Giraffes keep themselves to themselves and don't form any lasting relationships. They often stand at least twenty meters apart. They only come closer together when they are eating or if there is a predator nearby. A herd of giraffes consists of thirty to fifty animals and doesn't really have a leader. There is a hierarchical order but it is barely noticeable. A giraffe that is higher up in the order, holds its head and chin higher and is allowed to block the path of any giraffe with a lower rank.
Birth from Two Metres High
When a giraffe calf is born, the mother stays standing up. The calf then falls to the ground from a height of about two meters. After only fifteen minutes, the newborn giraffe can already stand to drink from its mother. It is then already as high as an adult human and grows almost 2.5 centimetres a week. There is a strong bond between a giraffe calf and its mother. In the first few days after the birth, the young giraffe stays within ten metres of its mother.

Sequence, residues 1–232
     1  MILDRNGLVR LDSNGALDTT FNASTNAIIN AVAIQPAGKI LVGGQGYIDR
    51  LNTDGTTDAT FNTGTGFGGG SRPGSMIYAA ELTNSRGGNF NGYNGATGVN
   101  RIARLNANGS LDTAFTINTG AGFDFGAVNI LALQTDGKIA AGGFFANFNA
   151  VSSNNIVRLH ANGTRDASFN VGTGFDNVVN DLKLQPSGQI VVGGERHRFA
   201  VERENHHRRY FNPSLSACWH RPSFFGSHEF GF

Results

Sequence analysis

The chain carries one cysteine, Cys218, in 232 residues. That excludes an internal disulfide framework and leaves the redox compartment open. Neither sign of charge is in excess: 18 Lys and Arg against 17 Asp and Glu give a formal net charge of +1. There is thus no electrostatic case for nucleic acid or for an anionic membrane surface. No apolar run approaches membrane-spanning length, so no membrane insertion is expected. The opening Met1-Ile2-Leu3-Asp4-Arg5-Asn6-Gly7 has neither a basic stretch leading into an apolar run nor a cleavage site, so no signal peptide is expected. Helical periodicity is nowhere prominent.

Giraffes eat the leaves and twigs off trees. Mainly from the acacia tree, because that is the most common on African plains. The tree has long thorns of up to five centimetres long. But the giraffes aren't bothered by them. Their mouths and lips are always covered with a layer of hard skin. Which stops them from feeling the prickles.
High up in the Tree
With their long neck, their flexible top lip and their almost 45 cm long tongue giraffes can be selective about what they pick. So they only pick the leaves off the tree. And they can also reach the highest leaves, the ones that the other animals can't get. The females tend to go for lower leaves, at about shoulder height. This is one of the ways that you can tell the difference between the males and females in the field.